Blood-Brain Barrier Dysfunction as an Early Driver of Dementia

The blood-brain barrier surrounds blood vessels in the brain, enforcing restrictions on the passage of molecules and cells between brain and blood supply. Like all bodily systems, the blood-brain barrier breaks down with aging, yet another consequence of rising levels of cellular damage and disarray. The passage of inappropriate cells and molecules into the brain is thought to cause a range of issues, but, as is the case for all aspects of the biochemistry of the brain, this is a very complex environment and set of processes. Firm answers are ever elusive, and a great deal of the fine detail of the aging of the brain has yet to be robustly cataloged. The relative importance of different forms of damage and dysfunction are not well established in many cases. It is challenging to make that sort of determination given the many interacting forms of degeneration that combine to cause dementia in old age, but results such as those presented here are nonetheless intriguing.

Leaky capillaries in the brain portend early onset of Alzheimer's disease as they signal cognitive impairment before hallmark toxic proteins appear. This finding could help with earlier diagnosis and suggest new targets for drugs that could slow or prevent the onset of the disease. A five-year study, which involved 161 older adults, showed that people with the worst memory problems also had the most leakage in their brain's blood vessels - regardless of whether abnormal proteins amyloid and tau were present. In healthy brains, the cells that make up blood vessels fit together so tightly they form a barrier that keeps stray cells, pathogens, metals, and other unhealthy substances from reaching brain tissue. Scientists call this the blood-brain barrier. In some aging brains, the seams between cells loosen, and the blood vessels become permeable.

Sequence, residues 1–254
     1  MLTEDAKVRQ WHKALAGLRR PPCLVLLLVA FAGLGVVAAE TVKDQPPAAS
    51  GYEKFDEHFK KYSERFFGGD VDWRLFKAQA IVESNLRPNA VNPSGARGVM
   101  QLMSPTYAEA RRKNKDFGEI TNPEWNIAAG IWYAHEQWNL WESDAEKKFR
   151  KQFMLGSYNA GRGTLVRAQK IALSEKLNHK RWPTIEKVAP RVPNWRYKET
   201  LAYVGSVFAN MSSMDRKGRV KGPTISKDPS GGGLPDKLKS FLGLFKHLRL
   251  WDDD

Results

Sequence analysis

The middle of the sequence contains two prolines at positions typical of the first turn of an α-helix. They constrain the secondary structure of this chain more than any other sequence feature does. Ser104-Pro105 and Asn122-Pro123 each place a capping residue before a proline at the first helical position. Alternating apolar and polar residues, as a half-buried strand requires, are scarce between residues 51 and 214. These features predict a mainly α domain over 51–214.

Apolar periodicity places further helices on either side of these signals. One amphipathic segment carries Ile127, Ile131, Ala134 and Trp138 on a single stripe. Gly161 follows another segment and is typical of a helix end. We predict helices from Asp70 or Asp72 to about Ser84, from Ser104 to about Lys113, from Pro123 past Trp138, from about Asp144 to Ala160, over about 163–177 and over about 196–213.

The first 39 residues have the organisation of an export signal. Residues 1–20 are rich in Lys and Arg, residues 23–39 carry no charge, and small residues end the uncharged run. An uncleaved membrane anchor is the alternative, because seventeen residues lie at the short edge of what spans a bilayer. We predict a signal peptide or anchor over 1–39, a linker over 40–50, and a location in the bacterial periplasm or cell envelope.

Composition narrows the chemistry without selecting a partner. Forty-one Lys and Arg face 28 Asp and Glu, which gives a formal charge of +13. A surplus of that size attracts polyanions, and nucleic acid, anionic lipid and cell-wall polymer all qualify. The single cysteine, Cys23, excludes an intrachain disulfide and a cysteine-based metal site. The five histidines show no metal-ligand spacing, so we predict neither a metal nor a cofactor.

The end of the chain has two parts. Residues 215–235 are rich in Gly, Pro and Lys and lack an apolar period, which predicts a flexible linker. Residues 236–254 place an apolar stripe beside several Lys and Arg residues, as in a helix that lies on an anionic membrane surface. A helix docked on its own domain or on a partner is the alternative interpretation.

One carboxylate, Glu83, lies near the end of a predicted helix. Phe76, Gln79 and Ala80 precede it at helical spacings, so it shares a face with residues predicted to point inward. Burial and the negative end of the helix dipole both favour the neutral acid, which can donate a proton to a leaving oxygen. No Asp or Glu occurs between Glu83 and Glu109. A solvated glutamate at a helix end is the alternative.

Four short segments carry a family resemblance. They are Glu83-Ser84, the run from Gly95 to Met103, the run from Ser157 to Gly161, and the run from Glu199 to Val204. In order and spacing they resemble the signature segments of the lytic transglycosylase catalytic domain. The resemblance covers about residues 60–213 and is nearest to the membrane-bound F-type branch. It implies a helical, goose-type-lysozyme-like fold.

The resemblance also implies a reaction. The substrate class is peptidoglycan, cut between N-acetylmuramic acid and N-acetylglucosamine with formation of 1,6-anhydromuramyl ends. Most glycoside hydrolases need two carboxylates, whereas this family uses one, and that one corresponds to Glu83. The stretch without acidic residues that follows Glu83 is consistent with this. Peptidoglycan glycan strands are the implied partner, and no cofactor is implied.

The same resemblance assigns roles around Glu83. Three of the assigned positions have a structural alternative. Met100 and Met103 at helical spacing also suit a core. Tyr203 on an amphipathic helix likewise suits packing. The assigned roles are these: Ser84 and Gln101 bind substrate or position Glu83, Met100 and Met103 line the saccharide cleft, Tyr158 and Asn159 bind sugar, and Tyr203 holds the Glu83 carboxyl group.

Participants in the study had their memory and thinking ability assessed through a series of tasks and tests, resulting in measures of cognitive function and a clinical dementia rating score. Individuals diagnosed with disorders that might account for cognitive impairment were excluded. The researchers used neuroimaging and cerebral spinal fluid analysis to measure the permeability, or leakiness, of capillaries serving the brain's hippocampus, and found a strong correlation between impairment and leakage. "The results were really kind of eye-opening. It didn't matter whether people had amyloid or tau pathology; they still had cognitive impairment."



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